No Excuse for the Excuses Officials Hand Us

Putting the right spin on one’s words is a science, and civil servants with fiduciary responsibility have to master this subject. It helps to shift blame to someone else; a child, a spouse, or a convenient foreigner will do.

Several weeks ago Yang Dacai, head of the Work Safety Department in Shaanxi province, drew outrage across China because he smiled while visiting the scene of a disastrous highway accident.

He called it an “accidental expression.” Chinese Internet users dissatisfied with this explanation did some website research and found that Yang owned five luxury-brand watches. While he insisted they were all bought with his own money, web surfers discovered even more watches, each one more expensive than the last.

Yang responded that his annual salary was around 170,000 to 180,000 yuan. When pushed to explain further, Yang came up with the line: “My son also adores watches. We occasionally share the same ones.”

Meanwhile, it was reported that Fang Daguo, a political commissar of Guangzhou’s Armed Forces Department, recently beat up an airline hostess working for China Southern Airlines. This event triggered another huge display of online denunciations.

Fang said, through the propaganda department of the district he works for, that it was his wife who had had a conflict with the flight attendant; he himself did not participate in the incident.

Then came the exposure of the Hefei Children’s Welfare Institute, which spent a huge sum on a Mercedes-Benz, just to keep it in a garage. The director of the institute justified his action by saying, “The car is mainly used when there are foreign guests who come to Hefei to adopt a child.”

Son, wife, and foreign guest. These are three trump cards. But they did not silence the public.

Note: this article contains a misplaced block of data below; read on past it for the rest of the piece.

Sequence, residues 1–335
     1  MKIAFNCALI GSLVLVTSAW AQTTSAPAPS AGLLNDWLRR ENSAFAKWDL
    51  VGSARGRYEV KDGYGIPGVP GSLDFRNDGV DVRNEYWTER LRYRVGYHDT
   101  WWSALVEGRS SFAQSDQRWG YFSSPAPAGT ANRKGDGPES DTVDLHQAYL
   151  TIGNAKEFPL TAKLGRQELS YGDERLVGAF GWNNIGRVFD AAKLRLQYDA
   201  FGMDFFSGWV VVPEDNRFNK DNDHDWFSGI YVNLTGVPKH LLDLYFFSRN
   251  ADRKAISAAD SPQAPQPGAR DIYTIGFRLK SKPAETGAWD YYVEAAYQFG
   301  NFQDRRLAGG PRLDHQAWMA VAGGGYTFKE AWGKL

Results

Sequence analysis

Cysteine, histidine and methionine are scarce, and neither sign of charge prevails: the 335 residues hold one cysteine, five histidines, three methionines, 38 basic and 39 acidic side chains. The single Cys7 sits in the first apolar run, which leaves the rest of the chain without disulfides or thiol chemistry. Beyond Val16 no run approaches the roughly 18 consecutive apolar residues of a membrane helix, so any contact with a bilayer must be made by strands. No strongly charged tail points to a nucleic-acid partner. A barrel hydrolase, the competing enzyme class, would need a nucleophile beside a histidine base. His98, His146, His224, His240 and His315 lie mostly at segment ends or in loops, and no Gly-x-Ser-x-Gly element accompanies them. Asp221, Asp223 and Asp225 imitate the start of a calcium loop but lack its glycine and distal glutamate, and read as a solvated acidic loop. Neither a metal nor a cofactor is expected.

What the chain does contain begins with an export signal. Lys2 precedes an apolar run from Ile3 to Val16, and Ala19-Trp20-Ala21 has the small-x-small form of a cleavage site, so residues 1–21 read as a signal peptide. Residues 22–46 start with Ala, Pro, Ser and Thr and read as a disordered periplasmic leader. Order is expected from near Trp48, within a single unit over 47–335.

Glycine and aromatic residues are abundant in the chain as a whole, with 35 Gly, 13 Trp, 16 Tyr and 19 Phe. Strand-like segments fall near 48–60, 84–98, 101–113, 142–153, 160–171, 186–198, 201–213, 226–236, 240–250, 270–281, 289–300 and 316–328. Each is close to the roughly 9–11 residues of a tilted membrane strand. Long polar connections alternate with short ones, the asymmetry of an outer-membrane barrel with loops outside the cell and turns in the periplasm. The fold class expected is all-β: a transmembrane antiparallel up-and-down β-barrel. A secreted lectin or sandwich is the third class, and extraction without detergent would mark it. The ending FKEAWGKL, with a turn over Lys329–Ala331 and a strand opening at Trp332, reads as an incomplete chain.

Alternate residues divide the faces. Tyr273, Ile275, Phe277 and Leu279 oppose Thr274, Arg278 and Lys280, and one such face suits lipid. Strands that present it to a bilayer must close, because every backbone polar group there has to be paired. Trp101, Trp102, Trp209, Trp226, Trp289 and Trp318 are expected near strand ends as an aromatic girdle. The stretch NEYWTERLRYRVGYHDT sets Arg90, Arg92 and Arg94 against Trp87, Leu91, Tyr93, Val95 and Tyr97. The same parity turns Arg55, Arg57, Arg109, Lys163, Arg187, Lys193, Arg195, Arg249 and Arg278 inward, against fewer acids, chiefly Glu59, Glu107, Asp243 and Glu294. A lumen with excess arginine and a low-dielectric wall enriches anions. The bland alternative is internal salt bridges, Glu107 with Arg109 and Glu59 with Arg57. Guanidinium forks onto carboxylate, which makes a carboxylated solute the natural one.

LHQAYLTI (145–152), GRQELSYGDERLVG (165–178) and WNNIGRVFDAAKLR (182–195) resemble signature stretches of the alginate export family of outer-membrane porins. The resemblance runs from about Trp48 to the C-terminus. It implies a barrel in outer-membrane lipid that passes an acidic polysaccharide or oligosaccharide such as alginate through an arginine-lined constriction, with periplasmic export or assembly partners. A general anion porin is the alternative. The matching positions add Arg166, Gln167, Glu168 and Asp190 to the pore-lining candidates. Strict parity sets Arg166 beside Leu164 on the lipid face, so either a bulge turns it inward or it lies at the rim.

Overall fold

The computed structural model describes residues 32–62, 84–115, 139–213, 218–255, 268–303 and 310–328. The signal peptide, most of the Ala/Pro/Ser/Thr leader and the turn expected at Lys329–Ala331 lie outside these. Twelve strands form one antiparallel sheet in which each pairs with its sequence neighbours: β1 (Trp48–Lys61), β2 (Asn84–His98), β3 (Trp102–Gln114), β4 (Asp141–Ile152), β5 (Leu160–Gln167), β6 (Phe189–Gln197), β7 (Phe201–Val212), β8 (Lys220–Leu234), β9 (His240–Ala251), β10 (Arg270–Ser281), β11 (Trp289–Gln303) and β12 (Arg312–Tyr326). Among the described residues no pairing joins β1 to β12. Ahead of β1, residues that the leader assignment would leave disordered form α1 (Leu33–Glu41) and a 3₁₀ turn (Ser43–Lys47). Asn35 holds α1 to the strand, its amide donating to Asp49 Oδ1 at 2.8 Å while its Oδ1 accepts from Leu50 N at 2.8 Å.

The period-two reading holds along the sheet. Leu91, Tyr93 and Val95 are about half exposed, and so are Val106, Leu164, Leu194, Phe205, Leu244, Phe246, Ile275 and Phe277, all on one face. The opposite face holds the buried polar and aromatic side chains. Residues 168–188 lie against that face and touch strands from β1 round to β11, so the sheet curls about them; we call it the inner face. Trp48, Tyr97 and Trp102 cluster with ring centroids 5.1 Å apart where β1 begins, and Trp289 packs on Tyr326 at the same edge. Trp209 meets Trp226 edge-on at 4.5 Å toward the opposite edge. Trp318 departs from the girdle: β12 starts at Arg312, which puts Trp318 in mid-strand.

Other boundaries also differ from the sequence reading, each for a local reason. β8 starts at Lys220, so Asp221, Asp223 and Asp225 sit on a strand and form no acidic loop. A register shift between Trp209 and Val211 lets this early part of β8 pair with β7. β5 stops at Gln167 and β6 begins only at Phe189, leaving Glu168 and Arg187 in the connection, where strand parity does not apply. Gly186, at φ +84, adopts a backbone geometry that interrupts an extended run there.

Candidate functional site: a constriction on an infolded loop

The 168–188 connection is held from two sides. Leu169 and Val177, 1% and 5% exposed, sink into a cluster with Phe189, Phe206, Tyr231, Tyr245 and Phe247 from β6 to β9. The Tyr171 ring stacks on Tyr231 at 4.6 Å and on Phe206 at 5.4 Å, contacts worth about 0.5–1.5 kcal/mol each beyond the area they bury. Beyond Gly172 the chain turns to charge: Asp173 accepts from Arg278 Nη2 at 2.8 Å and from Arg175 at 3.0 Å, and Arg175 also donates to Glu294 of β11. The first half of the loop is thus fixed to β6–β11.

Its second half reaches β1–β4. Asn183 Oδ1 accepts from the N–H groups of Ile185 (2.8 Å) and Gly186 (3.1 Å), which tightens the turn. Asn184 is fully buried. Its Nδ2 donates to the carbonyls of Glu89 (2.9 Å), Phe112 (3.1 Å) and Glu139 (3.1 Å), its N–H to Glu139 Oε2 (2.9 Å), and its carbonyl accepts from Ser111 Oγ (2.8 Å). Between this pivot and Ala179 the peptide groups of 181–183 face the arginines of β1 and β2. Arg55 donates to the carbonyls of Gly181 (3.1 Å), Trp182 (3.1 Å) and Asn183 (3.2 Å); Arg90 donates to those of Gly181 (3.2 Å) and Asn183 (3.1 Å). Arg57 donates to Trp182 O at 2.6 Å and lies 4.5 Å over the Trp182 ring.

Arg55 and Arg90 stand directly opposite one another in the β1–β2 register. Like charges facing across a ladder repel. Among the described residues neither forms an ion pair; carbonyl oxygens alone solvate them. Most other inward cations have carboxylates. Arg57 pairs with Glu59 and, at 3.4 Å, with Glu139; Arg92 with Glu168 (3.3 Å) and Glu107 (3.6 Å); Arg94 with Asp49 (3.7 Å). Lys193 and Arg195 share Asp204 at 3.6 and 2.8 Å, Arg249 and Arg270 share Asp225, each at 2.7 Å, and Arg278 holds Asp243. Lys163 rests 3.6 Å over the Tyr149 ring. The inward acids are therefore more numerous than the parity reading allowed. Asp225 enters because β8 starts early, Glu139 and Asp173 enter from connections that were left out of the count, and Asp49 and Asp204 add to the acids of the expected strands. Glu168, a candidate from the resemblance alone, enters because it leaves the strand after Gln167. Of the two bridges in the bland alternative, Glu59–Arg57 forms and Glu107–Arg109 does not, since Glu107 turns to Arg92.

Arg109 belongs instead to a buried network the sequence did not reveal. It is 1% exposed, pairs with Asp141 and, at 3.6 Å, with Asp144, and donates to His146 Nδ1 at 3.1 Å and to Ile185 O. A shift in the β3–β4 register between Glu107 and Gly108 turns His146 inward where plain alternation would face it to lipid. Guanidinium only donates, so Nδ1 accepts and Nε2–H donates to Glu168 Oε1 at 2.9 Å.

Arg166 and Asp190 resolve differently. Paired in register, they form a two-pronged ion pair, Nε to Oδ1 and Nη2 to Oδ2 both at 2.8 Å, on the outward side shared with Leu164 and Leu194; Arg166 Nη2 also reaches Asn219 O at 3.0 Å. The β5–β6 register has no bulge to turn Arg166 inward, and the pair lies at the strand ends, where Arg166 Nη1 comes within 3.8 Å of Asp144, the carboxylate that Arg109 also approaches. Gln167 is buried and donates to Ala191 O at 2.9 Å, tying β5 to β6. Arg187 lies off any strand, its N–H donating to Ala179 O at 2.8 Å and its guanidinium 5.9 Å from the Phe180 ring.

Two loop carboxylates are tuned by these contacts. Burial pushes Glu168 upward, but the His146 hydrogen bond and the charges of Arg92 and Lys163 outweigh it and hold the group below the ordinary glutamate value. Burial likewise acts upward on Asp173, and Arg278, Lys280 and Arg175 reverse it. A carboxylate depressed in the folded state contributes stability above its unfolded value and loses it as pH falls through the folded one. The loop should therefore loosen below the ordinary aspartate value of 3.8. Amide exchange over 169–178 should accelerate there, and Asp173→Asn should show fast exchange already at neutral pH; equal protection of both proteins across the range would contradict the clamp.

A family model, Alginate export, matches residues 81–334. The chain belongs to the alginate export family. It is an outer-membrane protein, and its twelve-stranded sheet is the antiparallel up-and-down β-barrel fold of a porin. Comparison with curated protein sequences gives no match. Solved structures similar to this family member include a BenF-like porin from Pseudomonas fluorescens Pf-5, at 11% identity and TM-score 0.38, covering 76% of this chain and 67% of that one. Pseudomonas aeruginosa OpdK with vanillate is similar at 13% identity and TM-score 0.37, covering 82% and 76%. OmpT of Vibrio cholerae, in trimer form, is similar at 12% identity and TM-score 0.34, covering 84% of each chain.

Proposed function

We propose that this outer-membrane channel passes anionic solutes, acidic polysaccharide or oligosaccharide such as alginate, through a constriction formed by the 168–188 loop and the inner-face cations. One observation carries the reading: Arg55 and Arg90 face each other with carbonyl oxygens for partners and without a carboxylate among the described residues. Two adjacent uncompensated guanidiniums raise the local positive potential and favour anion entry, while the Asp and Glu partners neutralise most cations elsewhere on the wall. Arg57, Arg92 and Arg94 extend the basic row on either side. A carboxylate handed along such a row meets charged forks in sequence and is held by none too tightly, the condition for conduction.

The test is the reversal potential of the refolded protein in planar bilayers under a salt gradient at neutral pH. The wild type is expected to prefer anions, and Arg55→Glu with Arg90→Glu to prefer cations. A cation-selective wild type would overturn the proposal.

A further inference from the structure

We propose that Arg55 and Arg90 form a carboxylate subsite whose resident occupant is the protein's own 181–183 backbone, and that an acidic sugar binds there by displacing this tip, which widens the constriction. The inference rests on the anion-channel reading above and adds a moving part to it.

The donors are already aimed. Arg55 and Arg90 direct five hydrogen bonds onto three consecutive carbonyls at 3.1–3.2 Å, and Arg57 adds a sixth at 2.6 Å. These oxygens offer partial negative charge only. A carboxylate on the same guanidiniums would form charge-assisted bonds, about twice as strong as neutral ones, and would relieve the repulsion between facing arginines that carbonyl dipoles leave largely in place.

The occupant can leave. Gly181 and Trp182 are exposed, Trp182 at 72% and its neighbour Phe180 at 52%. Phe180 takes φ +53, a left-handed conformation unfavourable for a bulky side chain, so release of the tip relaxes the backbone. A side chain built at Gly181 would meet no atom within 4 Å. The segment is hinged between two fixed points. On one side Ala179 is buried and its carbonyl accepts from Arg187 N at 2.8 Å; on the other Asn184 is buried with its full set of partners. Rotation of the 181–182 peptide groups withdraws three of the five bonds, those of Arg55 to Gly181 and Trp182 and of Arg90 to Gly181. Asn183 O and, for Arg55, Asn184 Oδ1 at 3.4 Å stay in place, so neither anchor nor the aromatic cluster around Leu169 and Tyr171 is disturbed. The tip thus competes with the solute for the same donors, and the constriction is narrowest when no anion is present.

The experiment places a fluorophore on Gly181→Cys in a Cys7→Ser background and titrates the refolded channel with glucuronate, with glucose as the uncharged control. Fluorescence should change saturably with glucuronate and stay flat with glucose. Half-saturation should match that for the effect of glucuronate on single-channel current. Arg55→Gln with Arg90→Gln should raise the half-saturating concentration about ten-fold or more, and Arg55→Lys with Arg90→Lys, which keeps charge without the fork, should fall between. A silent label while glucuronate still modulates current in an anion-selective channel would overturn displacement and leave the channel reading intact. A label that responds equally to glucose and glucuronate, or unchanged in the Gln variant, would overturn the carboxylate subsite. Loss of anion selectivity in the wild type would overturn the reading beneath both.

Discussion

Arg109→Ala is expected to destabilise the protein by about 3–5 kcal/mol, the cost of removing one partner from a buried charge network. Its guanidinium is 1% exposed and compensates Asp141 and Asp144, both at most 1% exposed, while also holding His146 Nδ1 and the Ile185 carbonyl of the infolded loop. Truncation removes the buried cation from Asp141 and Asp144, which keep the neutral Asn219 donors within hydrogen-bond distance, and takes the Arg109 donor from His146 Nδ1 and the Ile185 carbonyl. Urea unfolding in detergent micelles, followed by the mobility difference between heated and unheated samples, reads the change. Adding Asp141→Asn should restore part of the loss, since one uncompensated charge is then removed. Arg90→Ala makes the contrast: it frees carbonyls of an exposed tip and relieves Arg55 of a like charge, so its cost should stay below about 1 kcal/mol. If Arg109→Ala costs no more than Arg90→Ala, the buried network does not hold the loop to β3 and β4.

On the contrary, these stories inspired media outlets and Internet users to pursue the truth even more relentlessly. Indeed, it was a Chinese student attending school far away in Africa who exposed Fang as a liar after he happened to get a tip while traveling on the same plane as a political commissar.

What’s especially intriguing is that after every exposure of this kind, government officials are always in a hurry to obfuscate or brazenly lie.

Why? Because China lacks a system for disclosing the assets of government officials like Yang. As a result, he could justify his behavior by pointing to his son.

Moreover, official agencies don’t have fiscal transparency. Even a charity with funny finances can lay responsibility on foreigners.

And because bureaucrats shield one another, and authorities are always in a hurry to cover up scandals and maintain stability, people such as Fang do not hesitate to lie.

As a consequence, the public recognizes irrational excuses when they are obviously full of holes. And people in the public spotlight engage in a battle of wits against the general public.

Instead of this situation, there should be immediate, clear, logical, and vigorous investigation and accountability mechanisms.

In the face of a crisis, civil servants can dare say anything that strikes their fancy because they think the public pressure is but temporary. All they need to do is find an excuse and change the subject. Once an incident calms down and the questions dry up, all fears of being held accountable simply vanish.

What the public needs most, though, is clarity, not excuses or lies. Who will raise the right questions and stop these absurd public spectacles? Unless someone or some agency steps up to the task, these events will continue to damage the government’s credibility and the very foundation of our society.

Zhang Fan is a Caixin staff reporter.